Governing, a magazine about state and local governments, built a map that shows in stark terms just how much Mainers actually work.

According to the site, which compiled data from the U.S. Department of Labor’s American Time Use Survey, Mainers spend more of their time on work-related tasks than any other state.

The survey shows the average daily time that respondents said they dedicated to certain things from 2010 to 2014 — including eating and drinking, caring for their kids and exercise.

When it comes to work, Mainers spent an average of 4.05 hours a day on activities related to making money.

As Governing put it:

This broad definition of work considers the amount of time people spend engaged in income-generating activities, including tasks related to work (business lunches) or time spent looking for a job.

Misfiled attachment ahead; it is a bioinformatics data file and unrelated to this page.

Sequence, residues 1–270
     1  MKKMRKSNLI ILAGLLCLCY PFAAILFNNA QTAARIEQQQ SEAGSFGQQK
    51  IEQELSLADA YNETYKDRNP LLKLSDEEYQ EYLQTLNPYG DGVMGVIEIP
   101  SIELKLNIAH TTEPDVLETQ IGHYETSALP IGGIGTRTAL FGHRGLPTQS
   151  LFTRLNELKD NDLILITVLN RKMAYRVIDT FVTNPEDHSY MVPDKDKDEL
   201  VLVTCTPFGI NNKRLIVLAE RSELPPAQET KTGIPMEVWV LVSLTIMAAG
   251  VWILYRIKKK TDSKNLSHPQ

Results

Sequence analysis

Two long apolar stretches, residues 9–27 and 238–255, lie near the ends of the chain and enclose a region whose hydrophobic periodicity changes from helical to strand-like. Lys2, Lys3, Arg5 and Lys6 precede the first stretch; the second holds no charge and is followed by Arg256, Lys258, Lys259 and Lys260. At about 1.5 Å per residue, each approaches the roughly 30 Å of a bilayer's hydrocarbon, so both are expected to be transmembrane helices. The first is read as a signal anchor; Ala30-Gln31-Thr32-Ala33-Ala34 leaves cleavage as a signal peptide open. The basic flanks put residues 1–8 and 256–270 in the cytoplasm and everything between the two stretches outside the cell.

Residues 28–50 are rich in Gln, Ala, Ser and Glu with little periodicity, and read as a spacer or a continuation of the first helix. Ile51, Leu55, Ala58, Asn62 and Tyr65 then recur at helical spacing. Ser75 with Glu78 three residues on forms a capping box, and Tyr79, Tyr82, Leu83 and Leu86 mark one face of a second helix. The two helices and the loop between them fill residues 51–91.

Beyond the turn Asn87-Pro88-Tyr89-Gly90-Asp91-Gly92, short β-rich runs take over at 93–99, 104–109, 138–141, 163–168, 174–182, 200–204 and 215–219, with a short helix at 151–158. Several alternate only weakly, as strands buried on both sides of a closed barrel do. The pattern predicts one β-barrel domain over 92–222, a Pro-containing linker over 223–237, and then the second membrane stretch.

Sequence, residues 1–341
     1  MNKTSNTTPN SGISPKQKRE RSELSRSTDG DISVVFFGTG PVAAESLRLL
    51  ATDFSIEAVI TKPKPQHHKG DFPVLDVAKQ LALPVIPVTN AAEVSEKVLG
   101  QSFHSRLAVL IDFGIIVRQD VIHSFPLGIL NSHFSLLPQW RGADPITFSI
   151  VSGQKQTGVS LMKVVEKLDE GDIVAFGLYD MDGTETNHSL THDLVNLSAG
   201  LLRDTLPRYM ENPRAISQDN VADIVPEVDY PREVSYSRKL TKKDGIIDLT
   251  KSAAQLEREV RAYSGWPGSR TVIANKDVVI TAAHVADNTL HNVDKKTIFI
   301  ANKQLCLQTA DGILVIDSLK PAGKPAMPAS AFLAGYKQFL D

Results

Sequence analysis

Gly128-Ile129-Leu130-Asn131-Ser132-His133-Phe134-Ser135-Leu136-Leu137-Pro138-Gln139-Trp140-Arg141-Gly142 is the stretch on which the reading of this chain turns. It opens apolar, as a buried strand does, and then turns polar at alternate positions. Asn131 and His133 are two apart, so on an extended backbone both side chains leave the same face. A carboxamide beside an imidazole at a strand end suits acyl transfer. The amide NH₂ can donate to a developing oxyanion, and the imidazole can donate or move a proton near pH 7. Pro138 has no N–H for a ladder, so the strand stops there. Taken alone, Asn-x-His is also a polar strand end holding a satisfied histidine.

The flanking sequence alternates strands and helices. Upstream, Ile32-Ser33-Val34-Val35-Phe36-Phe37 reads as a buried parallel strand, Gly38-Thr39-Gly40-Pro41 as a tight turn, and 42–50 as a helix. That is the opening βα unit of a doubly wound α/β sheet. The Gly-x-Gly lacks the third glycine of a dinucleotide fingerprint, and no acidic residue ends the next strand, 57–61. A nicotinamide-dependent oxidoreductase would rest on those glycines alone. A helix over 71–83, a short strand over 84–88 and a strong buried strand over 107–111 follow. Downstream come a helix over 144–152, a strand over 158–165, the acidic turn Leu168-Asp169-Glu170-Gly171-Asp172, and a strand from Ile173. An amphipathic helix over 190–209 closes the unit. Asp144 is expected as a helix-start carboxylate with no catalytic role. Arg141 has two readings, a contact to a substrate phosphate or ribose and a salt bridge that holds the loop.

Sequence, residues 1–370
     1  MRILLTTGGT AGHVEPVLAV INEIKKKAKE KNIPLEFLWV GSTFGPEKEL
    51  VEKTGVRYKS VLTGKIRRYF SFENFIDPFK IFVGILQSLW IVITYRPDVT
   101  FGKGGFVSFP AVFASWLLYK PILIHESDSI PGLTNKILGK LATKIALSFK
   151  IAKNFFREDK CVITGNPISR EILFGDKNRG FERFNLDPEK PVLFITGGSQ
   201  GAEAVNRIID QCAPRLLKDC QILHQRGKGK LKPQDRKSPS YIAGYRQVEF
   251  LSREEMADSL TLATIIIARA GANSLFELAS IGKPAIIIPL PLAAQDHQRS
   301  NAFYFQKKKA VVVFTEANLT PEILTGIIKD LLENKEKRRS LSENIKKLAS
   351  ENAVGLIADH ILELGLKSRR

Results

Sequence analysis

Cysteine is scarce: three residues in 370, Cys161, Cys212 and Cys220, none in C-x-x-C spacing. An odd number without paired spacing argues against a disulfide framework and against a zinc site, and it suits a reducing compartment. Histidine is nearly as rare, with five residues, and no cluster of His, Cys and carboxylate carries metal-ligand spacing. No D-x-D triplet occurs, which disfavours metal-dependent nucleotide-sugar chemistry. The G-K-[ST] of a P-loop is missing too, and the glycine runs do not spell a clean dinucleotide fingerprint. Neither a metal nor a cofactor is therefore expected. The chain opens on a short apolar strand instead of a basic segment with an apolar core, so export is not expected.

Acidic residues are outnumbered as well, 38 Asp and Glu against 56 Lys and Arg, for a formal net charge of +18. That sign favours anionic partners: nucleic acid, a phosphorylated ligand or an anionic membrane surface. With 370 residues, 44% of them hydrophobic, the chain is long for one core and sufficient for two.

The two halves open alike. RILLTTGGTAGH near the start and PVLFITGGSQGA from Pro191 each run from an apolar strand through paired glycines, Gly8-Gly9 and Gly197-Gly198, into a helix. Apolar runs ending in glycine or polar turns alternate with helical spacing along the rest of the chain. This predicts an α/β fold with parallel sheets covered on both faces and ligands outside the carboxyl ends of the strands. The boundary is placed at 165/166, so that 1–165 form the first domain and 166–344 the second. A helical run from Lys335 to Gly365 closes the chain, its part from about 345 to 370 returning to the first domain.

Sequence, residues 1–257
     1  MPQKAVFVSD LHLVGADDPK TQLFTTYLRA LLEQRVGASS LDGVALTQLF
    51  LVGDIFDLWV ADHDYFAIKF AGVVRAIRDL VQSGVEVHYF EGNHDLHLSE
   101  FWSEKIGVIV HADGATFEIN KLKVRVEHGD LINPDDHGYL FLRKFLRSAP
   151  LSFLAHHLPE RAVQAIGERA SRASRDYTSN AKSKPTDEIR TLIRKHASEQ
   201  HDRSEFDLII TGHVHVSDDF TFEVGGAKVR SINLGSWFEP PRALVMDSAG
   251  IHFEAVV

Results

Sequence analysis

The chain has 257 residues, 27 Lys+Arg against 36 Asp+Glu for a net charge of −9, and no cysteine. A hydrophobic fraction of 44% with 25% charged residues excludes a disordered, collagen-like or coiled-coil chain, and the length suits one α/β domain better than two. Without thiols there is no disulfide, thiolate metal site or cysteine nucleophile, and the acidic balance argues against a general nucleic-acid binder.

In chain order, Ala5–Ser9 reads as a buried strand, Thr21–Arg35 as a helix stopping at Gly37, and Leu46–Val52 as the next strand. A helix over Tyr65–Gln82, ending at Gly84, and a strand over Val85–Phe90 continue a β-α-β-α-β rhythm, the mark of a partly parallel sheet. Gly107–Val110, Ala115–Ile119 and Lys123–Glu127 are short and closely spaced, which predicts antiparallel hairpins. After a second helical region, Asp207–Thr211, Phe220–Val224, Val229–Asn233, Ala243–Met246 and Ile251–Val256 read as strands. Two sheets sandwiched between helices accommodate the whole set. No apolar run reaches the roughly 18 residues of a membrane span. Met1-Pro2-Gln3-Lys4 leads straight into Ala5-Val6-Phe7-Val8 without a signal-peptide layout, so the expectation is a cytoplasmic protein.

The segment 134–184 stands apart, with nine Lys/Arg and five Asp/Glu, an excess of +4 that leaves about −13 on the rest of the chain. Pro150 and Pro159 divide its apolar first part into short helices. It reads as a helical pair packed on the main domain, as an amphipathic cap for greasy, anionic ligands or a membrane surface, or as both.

Now, you’re probably thinking, “Wait a minute — I work 10 hours a day!” But this survey includes people who don’t work, which drives the number down.

Meanwhile, we tied for dead-last place with New Hampshire when it comes to time spent volunteering or going to church — which kind of makes sense: we’re too busy working, after all. Plus, we’re less Christian than we used to be.

(Some of the states in this map are gray because they don’t have any data for this particular statistic.)

And Maine may be a budding foodie and beer-brewing mecca, but we spend slightly less time eating and drinking than almost all the other New England states.

Dan MacLeod

Dan MacLeod is the managing editor of the Bangor Daily News. He's an Orland native who moved to Portland in 2002 and now lives in Unity. He's been a journalist since 2008, and previously worked for the...